When these companies find their Radical PMF, they could be starting on a path to reach an ARR of US$100 million in just a few years.
As with every disruption, these market waves start from the bottom up, much like the seismic signals from underground movement of tectonic plates. Thus, for founders who want to surf on a Radical PMF wave, a first and vital requirement is a profound analysis of these factors of change, and understanding how to add up-to-date technologies to their business in this new context that will give them an ‘unfair advantage’ in these markets.
Some clear examples of these waves of transformation are: Cloud Infrastructure tools, and the growth wave of companies offering SaaS; or, further back, the smartphone with a geolocation chip, enabling services like Uber to emerge; or social networks and e-commerce platforms, enabling new digital brands to launch and grow.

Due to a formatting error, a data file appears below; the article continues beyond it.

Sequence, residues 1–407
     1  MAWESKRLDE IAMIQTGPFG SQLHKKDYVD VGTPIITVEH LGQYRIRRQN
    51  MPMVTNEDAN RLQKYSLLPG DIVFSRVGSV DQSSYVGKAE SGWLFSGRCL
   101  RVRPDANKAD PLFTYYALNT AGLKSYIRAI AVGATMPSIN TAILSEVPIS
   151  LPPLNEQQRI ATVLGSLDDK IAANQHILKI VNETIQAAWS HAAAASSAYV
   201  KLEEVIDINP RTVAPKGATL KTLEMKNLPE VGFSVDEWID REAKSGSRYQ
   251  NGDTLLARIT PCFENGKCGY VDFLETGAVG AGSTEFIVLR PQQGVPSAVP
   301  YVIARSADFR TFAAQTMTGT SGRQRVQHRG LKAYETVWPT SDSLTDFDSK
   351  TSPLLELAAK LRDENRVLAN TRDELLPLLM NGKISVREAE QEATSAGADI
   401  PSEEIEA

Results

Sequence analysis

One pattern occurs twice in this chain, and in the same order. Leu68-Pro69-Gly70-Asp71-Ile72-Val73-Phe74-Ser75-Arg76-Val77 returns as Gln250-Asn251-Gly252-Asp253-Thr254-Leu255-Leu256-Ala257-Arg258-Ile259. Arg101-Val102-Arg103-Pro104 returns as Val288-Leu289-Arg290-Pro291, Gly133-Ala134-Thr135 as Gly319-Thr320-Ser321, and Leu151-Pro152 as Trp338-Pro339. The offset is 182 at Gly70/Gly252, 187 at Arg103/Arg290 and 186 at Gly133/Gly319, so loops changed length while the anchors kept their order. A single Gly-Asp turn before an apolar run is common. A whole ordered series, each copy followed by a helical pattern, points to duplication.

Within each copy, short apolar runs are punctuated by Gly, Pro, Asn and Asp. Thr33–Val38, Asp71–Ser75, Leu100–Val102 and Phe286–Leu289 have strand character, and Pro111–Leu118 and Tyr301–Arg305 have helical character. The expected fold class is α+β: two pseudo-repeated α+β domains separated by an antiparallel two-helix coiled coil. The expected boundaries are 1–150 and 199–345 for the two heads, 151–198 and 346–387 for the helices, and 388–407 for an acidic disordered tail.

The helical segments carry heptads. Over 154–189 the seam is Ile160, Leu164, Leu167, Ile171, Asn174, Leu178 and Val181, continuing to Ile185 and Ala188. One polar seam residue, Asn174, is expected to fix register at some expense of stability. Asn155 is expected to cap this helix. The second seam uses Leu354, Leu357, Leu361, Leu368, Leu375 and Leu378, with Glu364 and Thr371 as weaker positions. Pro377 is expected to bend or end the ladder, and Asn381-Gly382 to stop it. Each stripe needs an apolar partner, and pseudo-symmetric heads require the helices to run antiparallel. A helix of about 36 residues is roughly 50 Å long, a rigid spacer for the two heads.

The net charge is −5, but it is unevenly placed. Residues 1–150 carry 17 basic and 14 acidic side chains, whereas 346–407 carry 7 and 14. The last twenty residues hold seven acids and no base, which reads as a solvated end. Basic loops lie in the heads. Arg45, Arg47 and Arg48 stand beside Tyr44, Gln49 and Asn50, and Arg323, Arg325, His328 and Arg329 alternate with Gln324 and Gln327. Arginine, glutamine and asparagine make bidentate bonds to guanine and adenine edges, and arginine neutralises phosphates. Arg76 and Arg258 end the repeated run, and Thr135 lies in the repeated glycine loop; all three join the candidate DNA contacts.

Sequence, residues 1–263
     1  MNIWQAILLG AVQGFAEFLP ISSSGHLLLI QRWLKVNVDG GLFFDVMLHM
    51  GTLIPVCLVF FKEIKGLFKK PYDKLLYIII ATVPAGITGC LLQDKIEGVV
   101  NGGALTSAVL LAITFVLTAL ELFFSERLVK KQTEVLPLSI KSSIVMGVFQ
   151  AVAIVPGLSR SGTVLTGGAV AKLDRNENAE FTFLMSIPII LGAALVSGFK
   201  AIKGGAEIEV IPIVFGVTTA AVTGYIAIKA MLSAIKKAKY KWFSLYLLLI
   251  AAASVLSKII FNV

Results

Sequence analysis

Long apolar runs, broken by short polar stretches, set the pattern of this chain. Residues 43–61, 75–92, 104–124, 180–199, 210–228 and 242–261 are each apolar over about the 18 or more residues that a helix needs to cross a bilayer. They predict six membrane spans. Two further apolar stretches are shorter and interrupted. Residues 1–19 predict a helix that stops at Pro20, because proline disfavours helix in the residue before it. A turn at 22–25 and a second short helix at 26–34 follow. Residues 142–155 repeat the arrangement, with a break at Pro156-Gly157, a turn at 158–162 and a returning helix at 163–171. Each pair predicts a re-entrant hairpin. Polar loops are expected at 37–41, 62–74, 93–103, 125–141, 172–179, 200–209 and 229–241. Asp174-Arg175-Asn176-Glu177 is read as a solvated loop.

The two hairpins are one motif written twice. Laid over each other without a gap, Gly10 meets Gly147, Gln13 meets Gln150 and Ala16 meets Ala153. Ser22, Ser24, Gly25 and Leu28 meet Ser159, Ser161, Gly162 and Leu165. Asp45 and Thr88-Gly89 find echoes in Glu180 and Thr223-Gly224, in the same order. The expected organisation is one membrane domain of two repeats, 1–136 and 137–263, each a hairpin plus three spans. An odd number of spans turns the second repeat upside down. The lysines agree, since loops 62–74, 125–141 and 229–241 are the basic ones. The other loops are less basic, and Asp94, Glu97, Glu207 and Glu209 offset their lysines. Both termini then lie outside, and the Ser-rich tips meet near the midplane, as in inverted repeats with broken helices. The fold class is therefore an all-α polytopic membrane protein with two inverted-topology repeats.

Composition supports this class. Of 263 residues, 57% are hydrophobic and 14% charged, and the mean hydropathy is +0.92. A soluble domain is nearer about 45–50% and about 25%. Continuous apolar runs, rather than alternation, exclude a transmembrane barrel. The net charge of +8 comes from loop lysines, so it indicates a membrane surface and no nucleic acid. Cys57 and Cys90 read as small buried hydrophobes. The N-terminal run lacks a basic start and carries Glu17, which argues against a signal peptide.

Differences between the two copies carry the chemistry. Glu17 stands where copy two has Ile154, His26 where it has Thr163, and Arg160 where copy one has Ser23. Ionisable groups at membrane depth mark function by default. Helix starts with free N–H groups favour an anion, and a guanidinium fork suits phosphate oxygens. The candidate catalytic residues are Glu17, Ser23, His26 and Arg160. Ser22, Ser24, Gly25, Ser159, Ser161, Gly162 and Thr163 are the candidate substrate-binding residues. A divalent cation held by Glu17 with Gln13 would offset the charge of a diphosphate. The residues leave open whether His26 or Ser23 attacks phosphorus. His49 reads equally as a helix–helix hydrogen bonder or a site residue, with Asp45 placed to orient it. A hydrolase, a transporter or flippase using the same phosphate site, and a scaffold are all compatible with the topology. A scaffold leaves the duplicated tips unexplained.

At Astella we believe that what we call the Atomic Growth Unit — the ‘T-Cell’ that also replicates itself for an organization’s growth — is the most efficient way to scale up, so that it should be a catalyst of innovation and of transformation in its market, and its construction is directly linked to the founding team’s strategic decisions. For example: what target segment to choose, the product’s value proposal, and what are the growth model and growth machines.
This is why the team and its experiences and ‘secrets’ are so important, for interacting with these challenges, and taking the best strategic decisions. Another important point is the building of an initial structure, before PMF is achieved — which needs to be light and focused, for it to be possible to “ride the wave” — …and not fall off it.